Over the past 10 years, Jason Gilliland and his team at the Human Environments Analysis Laboratory (HEAL) at Western University have been conducting studies into what causes obesity in southern Ontario.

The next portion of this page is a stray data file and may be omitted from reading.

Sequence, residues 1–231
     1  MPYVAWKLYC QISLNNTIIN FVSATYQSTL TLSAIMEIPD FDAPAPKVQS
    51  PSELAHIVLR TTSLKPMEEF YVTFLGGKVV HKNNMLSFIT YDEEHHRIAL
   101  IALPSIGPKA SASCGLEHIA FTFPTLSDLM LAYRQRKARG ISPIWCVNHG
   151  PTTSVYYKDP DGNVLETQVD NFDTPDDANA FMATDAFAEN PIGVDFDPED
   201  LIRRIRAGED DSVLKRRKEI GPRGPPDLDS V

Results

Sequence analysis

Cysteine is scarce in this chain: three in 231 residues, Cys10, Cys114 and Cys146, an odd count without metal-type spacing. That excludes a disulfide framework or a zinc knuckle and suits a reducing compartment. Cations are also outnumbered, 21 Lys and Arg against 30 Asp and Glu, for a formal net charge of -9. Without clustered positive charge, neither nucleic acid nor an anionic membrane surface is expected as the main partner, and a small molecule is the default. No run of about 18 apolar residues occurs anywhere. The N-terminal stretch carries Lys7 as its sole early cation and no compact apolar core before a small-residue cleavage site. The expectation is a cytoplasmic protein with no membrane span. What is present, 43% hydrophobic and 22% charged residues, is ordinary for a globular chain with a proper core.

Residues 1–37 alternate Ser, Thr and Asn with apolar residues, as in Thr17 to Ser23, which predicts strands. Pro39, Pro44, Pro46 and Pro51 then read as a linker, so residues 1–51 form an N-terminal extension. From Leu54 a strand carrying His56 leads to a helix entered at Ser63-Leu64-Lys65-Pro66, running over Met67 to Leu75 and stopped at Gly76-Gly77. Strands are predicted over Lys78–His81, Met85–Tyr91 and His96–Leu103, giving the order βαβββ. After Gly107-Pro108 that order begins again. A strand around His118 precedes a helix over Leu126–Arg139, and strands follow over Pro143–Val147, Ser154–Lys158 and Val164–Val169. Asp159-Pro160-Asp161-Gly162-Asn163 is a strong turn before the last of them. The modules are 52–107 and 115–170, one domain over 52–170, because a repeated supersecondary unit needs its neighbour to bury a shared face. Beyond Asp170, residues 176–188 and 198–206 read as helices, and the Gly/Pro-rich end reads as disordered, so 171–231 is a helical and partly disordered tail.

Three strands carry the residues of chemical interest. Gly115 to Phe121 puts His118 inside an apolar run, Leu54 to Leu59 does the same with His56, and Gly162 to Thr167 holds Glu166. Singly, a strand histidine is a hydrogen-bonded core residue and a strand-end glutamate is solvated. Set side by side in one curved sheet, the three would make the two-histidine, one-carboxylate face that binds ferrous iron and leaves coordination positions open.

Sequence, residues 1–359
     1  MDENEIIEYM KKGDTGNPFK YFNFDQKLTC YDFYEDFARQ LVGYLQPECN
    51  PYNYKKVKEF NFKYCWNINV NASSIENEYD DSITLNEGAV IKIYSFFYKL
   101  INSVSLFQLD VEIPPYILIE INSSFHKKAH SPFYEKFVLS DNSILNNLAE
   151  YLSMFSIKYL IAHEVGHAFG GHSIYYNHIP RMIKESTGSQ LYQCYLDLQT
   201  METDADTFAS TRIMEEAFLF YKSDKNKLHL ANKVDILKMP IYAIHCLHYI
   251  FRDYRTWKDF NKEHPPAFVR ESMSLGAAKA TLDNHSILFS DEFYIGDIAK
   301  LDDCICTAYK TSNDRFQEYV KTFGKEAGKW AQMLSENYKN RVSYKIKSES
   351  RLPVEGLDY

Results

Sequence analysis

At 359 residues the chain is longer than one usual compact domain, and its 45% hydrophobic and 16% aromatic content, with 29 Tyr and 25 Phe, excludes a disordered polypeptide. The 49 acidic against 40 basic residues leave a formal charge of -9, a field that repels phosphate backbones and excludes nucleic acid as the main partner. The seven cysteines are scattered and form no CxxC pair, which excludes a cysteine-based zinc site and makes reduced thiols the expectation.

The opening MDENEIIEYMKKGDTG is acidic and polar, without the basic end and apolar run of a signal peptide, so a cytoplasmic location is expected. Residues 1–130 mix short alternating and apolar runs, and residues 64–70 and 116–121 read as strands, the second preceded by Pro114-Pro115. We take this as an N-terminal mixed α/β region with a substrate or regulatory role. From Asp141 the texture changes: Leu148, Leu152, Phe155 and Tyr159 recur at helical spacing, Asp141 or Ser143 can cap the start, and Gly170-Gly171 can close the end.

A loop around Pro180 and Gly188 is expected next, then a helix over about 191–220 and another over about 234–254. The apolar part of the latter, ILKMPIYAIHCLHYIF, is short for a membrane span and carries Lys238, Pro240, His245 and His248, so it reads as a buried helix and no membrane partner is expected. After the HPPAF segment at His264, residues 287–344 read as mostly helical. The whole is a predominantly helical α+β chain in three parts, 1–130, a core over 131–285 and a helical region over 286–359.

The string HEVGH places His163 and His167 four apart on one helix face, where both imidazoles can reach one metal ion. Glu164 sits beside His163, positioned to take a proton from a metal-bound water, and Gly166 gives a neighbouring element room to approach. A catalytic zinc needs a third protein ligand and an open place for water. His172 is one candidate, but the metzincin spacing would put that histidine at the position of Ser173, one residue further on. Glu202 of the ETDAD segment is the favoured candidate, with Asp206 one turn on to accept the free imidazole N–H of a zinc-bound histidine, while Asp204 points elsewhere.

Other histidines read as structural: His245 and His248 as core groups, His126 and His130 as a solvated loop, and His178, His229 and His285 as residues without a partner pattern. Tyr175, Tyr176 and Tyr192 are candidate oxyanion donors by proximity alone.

They have created maps, such as those pictured here, to help them do so. Gilliland, director of HEAL, explains how his research is being used to identify the geographic and socioeconomic links to healthy eating. Gilliland says that public health officials from counties in southwestern Ontario are his map in the development of policies and strategies that will improve the access to supermarkets in some regions. In London, Ont., for example, his research will be used to help achieve the city’s goal of eradicating food deserts by 2020. Gilliland and his team looked at how far Middlesex County homes were from parks, arenas and other public facilities to determine the recreational opportunities in the region. He says that the importance of this kind of mapping — one of 400 similar maps he and his team have created — is that it shows where child obesity is more likely to be present. He hypothesizes that people in the darker green areas and within the yellow lines (closest to recreational spaces) are more likely to be physically active and less likely to be overweight